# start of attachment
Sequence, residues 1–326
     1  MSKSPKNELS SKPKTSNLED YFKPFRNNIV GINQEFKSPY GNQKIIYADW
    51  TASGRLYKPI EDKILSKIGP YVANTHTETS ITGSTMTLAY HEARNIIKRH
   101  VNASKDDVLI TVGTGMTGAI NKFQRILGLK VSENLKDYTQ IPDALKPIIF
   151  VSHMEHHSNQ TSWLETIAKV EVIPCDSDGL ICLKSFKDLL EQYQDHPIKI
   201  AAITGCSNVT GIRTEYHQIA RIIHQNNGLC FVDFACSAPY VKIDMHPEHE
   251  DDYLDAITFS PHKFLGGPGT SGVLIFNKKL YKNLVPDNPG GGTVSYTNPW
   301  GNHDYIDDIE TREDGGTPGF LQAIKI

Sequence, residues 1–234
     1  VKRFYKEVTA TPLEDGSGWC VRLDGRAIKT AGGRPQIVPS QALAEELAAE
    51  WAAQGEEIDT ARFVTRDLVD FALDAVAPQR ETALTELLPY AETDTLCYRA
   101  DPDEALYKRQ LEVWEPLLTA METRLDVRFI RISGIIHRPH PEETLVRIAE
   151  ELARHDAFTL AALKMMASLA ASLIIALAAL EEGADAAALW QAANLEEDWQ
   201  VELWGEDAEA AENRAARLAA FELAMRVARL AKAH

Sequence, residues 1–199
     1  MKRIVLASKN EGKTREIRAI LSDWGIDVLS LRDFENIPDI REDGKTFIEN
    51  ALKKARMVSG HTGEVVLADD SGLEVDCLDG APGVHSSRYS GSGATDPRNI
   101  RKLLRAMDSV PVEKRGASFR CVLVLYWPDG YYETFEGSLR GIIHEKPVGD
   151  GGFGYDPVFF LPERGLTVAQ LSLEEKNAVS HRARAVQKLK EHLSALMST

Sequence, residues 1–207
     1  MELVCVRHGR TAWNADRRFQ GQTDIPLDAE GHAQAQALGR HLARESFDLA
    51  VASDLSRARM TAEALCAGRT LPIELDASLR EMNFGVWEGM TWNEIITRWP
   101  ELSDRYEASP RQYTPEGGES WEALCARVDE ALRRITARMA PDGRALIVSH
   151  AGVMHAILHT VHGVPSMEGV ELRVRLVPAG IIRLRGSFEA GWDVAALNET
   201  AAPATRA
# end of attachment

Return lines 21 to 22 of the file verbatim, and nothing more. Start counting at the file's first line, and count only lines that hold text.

     1  MELVCVRHGR TAWNADRRFQ GQTDIPLDAE GHAQAQALGR HLARESFDLA
    51  VASDLSRARM TAEALCAGRT LPIELDASLR EMNFGVWEGM TWNEIITRWP